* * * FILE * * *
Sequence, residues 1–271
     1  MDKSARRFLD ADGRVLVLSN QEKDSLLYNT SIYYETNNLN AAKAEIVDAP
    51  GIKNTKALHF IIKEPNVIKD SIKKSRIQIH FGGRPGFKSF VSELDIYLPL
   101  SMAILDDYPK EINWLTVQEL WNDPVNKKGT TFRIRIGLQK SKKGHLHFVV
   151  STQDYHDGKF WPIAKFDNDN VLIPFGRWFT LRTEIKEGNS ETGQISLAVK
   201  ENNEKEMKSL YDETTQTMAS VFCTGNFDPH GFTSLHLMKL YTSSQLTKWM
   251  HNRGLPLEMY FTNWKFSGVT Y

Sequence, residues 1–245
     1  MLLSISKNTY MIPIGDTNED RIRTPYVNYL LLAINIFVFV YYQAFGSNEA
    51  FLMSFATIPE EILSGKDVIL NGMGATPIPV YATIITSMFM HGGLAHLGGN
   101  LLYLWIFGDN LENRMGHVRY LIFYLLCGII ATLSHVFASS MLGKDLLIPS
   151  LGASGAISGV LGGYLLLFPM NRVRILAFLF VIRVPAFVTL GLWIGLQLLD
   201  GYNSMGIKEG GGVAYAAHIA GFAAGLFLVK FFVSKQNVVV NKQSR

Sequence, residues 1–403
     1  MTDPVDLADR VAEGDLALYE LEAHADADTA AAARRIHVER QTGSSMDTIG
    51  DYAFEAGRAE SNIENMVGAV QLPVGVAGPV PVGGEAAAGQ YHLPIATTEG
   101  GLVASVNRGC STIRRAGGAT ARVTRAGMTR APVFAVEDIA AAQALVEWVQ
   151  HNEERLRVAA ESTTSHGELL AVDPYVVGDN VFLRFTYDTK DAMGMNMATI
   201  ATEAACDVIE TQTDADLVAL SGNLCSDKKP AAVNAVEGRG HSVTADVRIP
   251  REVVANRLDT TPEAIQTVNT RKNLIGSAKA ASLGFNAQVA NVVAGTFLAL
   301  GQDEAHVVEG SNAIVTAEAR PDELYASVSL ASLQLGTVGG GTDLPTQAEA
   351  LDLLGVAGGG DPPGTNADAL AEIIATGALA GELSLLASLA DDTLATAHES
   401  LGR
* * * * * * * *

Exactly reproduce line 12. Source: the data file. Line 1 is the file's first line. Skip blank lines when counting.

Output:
   151  LGASGAISGV LGGYLLLFPM NRVRILAFLF VIRVPAFVTL GLWIGLQLLD